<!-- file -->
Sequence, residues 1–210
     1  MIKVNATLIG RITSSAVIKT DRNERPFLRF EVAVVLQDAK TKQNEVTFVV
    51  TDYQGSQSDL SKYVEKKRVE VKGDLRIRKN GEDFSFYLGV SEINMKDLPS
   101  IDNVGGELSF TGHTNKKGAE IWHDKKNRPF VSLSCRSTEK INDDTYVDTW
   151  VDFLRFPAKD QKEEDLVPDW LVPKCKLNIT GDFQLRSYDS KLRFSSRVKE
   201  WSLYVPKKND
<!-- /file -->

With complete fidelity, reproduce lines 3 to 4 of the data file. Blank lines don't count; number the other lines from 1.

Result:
    51  TDYQGSQSDL SKYVEKKRVE VKGDLRIRKN GEDFSFYLGV SEINMKDLPS
   101  IDNVGGELSF TGHTNKKGAE IWHDKKNRPF VSLSCRSTEK INDDTYVDTW